UP to 200 new jobs are on the way to Hartlepool after an offshore firm landed a multi-million-pound contract.
Able UK has won work to dismantle four offshore structures from the Shell-operated Brent oil field in the North Sea.
It would see about 100 jobs created during the 18-month construction of a new quay at Able’s site, with the six-year recycling contract itself generating a further 100 new jobs.
The news has been welcomed by civic leaders in Hartlepool as well as the town’s MP Iain Wright.
The contract will see three platform topsides, as well as a 414ft-high steel platform jacket, transported from the Brent field more than 100 miles North East of Scotland to Able’s Seaton Port.
The timing of the arrival of the first topside is subject to further offshore preparation work and regulatory approvals.
The news has inspired town leaders’ hopes of an upturn in the town’s employment fortunes, especially for the young unemployed.
Able UK managing director Andrew Jacques said: “We are delighted to have been selected to undertake this significant platform decommissioning project.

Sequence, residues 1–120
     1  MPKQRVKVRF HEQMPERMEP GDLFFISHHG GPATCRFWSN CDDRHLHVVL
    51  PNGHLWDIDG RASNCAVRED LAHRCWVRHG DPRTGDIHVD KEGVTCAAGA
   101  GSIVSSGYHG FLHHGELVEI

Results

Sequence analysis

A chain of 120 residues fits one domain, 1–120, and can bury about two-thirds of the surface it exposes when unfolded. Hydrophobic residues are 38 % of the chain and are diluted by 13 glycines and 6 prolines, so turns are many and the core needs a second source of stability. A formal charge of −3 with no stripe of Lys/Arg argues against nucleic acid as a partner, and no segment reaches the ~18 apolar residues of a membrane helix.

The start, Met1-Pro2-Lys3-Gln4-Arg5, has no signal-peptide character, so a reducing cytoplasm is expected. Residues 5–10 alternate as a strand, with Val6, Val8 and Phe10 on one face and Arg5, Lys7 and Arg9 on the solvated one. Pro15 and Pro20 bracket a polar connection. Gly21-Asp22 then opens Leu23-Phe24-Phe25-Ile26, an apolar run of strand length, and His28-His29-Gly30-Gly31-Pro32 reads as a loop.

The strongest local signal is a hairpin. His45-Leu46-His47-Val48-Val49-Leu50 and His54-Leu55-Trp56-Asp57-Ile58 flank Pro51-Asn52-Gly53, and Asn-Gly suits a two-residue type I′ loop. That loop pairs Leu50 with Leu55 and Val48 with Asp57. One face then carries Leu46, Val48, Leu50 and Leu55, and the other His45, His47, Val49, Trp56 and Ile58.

“This six-year contract will see the deployment of the very latest techniques and technologies in the recycling of these materials.
“We are looking forward to working with our partners on this project, and we are justifiably proud to have been selected.
“Able Seaton Port is already a superb facility and it will see further investment from Able UK with the construction of what will be one of Europe’s heaviest load bearing quays along with associated infrastructure at the northern end of the dry dock to receive the structures.
“This will enable the topsides and jackets to be shipped to the new quay for dismantling.”
It is expected that more than 97 per cent of the structures will be reused or recycled.
Hartlepool MP Iain Wright said: “I welcome any job opportunities coming into the town.
“I hope as many townspeople as possible will benefit from additional contracts won by a company in Hartlepool.”
Hartlepool Borough Council leader, Councillor Christopher Akers-Belcher, said: “We had already seen an upturn in the economy across Tees Valley so any contribution of additional jobs to address our unemployment, particularly for young people, in the town can only be a good thing.”
Derrick Rowbotham, 66, was responsible for recruiting around 1,500 at the site when it was run by predecessor Laing’s in 1972.
He said: “It’s almost a revival of 40 years ago when the yard was building the rigs.”
The platforms will be individually transported from the Brent field to the Tees on board the newly-constructed Allseas “Pieter Schelte” vessel, which has been specially designed for single lift installation and removal works.